1. "Food from Jungle Plants" by Bajrang Eelam
  2. "Food Grains – Processing, storage and distribution" by Shivram Dalvi
  3. "Nutritious food for adolescent girls" by Pratibha Chimte

Judging by the enthusiasm of the participants, we can say that the Children’s Science Congress is doing a great job of inspiring out-of-the box thinking in the students. After all, as Malcolm Forbes said, "Education’s purpose is to replace an empty mind with an open one."

Next week, we will discuss the state-level Congress, in which seven out of the 15 projects selected for the national round are by students from Thane city.

For the Love of Learning

For the Love of Learning

I quite like what Peter Drucker, the most well-known management guru in the world, has to say about our education curriculum: "When a subject becomes totally obsolete we make it a required course."  

We are all different, each one of us. Our aptitudes, inclinations and outlook differ from one another. Yet, our education system attempts to test our abilities using one, hackneyed approach, which is primarily based on memory. We are often tested for what we do not know instead of what we know. And often, the subjects we are taught are outdated, irrelevant or both!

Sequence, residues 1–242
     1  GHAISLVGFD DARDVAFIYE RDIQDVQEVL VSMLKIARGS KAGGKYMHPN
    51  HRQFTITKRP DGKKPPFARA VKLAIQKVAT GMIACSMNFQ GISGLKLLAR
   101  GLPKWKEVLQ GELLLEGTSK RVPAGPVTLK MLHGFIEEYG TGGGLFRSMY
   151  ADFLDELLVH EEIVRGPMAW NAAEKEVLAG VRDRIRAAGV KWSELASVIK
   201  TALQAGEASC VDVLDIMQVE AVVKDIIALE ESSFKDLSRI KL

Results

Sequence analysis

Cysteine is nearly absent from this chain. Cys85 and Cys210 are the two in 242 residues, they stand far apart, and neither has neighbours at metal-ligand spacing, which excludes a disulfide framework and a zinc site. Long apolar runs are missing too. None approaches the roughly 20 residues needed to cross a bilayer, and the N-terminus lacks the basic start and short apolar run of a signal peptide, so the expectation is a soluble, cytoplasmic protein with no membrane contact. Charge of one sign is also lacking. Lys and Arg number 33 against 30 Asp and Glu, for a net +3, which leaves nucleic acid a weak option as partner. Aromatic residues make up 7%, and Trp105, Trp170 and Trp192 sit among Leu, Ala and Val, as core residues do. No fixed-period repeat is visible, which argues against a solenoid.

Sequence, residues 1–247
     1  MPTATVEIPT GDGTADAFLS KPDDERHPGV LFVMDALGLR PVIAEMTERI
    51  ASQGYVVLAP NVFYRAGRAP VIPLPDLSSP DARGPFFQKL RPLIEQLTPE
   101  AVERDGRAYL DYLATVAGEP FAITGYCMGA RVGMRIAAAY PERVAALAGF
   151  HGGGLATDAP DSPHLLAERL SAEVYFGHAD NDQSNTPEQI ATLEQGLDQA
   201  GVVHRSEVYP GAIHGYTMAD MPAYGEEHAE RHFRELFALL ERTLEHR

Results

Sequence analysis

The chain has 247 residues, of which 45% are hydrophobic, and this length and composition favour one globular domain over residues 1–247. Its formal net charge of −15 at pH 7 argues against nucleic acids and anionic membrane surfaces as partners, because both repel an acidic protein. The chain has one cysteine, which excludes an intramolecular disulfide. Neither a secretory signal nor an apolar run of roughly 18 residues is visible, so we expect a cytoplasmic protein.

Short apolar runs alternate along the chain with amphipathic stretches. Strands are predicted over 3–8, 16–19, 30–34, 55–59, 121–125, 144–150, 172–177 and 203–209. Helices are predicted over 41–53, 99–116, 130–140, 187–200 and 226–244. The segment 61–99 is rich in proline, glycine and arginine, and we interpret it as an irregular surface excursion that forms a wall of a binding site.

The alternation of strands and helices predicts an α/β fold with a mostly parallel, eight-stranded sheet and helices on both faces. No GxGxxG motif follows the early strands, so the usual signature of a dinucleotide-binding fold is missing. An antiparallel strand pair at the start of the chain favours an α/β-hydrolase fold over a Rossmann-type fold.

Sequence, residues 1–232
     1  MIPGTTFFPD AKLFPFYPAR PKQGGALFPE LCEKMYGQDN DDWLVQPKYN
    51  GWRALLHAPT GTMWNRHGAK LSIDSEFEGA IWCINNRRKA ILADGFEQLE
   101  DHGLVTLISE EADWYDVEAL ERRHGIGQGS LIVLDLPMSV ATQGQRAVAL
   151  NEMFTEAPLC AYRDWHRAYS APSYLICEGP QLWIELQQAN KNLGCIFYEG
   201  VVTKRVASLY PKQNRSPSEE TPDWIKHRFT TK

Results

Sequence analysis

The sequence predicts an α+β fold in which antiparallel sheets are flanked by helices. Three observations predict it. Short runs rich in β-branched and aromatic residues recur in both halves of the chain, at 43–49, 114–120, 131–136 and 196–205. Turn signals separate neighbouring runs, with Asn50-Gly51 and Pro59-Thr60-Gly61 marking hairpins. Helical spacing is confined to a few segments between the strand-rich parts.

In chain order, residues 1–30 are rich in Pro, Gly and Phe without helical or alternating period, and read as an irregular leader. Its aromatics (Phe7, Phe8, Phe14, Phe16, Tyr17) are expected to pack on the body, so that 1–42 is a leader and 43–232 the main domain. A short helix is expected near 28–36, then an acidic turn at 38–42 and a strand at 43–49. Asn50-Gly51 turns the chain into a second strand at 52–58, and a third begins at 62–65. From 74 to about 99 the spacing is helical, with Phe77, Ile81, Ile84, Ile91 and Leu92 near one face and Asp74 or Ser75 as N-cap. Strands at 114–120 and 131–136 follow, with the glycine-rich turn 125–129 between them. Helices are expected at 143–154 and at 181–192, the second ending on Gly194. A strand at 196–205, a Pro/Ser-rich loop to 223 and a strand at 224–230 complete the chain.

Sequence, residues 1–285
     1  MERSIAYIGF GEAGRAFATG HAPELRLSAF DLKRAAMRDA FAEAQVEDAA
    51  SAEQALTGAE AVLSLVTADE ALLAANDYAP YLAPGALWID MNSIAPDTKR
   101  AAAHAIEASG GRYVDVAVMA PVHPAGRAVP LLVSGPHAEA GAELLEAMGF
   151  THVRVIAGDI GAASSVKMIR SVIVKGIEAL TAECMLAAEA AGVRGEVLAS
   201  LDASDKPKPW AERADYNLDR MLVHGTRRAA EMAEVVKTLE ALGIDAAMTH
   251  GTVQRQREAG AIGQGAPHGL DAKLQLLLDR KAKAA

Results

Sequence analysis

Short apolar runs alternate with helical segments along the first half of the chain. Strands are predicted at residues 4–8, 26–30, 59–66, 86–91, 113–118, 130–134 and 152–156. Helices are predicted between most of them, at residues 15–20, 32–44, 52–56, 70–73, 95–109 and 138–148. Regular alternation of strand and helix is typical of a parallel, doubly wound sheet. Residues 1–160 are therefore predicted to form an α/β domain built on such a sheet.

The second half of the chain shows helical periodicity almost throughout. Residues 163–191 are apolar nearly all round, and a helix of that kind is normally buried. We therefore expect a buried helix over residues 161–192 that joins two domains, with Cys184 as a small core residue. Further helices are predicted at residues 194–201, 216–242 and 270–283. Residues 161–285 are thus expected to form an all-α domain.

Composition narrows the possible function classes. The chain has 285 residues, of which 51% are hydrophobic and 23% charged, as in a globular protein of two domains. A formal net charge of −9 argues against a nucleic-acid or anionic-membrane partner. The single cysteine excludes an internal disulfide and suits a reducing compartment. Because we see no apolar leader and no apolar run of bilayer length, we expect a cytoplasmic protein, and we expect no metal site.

No wonder then, more than fifty years after independence, the dropout rate in Indian primary, middle and high schools continues to be shamefully high. And one big reason for dropping out of schools is the inability of the students to cope with the difficult subjects.

Thankfully, students who are "intellectually slow" or are for some reason, unable to cope with the stressful environment of formal education, can now turn to the National Institute of Open Schooling (NIOS). NIOS was established in November, 1989 as an autonomous organisation in pursuance of National Policy on Education, 1986 by the Ministry of Human Resource Development, Government of India.